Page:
Women-Centered Rituals and Levels of Domestic Violence

A Cross-Cultural Examination of Ritual as a Signaling and Solidarity-Building Strategy

Kate J. Stockly, Stephanie Arel, Megan K. DeFranza, Damian Ruck, Luke Matthews

Journal for the Study of Religion, Nature and Culture, Vol. 14, No. 1

August 2020

Abstract: Prior research indicates that ritual can be a source of social solidarity by signaling trustworthiness and group commitment. A separate line of research expects domestic violence against women to be more common in societies with post-marital residence at the husband’s birthplace (i.e. patrilocality). Thus, we hypothesized that when wives are able to construct strong bonds with the female members of their communities through solidarity-building rituals, they gain social support capable of inhibiting violence, leading to lower overall levels of domestic violence–especially in patrilocal societies. Results indicated that certain types of women-centered rituals were associated with lower levels of sexual and domestic violence; however, we found inconsistent effects according to patrilocal residence. Women-centered rituals were not found to be associated with beliefs about the husband’s prerogative to punish and dominate his spouse, and patrilocality did not contribute to the effects we found.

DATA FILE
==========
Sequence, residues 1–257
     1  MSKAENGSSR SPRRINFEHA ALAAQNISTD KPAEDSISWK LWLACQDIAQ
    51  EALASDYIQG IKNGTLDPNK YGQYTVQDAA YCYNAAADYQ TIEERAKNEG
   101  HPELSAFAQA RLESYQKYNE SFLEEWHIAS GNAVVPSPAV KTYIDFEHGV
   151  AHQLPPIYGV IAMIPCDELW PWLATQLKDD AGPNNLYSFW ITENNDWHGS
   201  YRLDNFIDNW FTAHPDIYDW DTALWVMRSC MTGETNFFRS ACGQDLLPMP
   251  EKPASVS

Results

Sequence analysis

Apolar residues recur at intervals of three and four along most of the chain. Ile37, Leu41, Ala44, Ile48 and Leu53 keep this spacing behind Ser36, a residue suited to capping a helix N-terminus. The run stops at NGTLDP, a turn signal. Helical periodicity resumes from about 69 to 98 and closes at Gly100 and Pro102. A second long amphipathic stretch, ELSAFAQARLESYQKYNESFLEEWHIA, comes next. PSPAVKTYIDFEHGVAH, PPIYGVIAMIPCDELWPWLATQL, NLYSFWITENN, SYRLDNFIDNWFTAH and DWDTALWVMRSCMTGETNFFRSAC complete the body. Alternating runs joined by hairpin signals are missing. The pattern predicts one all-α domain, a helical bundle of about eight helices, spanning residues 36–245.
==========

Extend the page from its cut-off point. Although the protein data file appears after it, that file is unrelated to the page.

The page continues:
Read the article here.